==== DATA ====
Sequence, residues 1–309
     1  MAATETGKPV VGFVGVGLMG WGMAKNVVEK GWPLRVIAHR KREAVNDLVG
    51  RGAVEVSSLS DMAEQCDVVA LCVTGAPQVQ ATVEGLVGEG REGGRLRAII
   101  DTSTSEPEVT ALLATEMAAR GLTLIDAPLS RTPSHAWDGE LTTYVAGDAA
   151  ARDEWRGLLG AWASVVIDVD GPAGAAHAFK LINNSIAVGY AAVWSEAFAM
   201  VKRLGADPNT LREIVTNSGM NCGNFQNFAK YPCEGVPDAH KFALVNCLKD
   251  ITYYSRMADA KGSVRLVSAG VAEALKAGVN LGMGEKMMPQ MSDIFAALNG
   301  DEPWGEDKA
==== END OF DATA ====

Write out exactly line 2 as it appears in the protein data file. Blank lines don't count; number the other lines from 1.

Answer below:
     1  MAATETGKPV VGFVGVGLMG WGMAKNVVEK GWPLRVIAHR KREAVNDLVG